A broad coalition in Oregon has been working with youth justice experts to craft proposals for a more humane youth justice system that focuses on accountability for youth and safety for our communities.

SB 1008 focuses on prevention and rehabilitation for youth in the criminal justice system.

  1. Places youth accused of any crimes in the juvenile justice system unless a judge determines that they should be in the adult system
  2. Establishes a process where all youth who are convicted in adult court have access to a “Second Look” hearing halfway through their sentence
  3. Requires an additional review before a youth with a long sentence would be transferred to an adult prison
  4. Eliminates life without parole sentences for youth
  5. Requires that victims receive culturally responsive, trauma-informed services at critical junctures in the criminal justice process

The following research and data are among the many reasons why advocates from across Oregon are working hard to hold youth accountable, while also healing their own trauma and getting them the help they need.

Oregon Youth Authority Department of Corrections Recidivism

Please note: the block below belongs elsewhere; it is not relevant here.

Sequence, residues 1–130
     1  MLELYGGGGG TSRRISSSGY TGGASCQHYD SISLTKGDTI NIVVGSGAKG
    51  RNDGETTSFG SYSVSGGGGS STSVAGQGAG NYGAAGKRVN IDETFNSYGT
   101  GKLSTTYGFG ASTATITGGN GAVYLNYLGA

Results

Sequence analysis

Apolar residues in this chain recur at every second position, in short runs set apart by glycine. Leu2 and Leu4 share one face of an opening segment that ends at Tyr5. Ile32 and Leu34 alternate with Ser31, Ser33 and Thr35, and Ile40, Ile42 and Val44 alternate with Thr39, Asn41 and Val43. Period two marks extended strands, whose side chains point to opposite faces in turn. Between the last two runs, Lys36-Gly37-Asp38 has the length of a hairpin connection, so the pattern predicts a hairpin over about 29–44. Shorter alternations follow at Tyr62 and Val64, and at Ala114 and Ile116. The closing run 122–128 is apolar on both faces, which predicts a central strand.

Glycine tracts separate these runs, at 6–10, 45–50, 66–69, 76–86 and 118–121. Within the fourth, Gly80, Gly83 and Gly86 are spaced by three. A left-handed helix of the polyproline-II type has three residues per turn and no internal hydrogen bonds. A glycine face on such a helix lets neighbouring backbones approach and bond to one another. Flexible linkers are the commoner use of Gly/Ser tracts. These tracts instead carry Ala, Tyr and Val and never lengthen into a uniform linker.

Youth and Measure 11 in Oregon: Impacts of Mandatory Minimums (2018)

When youth serve time at adult facilities, public safety decreases. Young people who serve Measure 11 sentences only at DOC are twice as likely to recidivate, compared to those who serve Measure 11 sentences only at OYA. Young people who start their adult sentence at OYA and finish at DOC are still twice as likely to recidivate, compared to those who complete their sentences at OYA. Read more here.

Reforming Juvenile Justice: A Developmental Approach

Reforming Juvenile Justice: A Developmental Approach (2013)

The nation should reform its juvenile justice system to reflect the scientific findings, says Reforming Juvenile Justice: A Developmental Approach, a report from the National Research Council. State and tribal governments should review their laws and policies and ensure that they reflect current knowledge about adolescent development and effective interventions. In addition, federal policymakers should strengthen the capacity of the Office of Juvenile Justice and Delinquency Prevention (OJJDP) to improve the field of juvenile justice. Read the 6-page summary here. Read the 442-page report here.


Youth and Measure 11 in Oregon: Impacts of Mandatory Minimums (2018)

Juvenile justice is a broad topic encompassing many interrelated, but often disjointed, topics. To properly examine the issues surrounding justice-involved youth, one must consider not only safety, but also developmental science, political motivation, racial bias, and economic impact, among other factors. While many conversations center on one or two of these principles, this report brings all of these topics together for a more comprehensive analysis of juvenile justice reform. Read more here.

Misguided Measures 2016 cover

Misguided Measures Revisited: Progress and Promise in Oregon’s Youth Justice System (2016)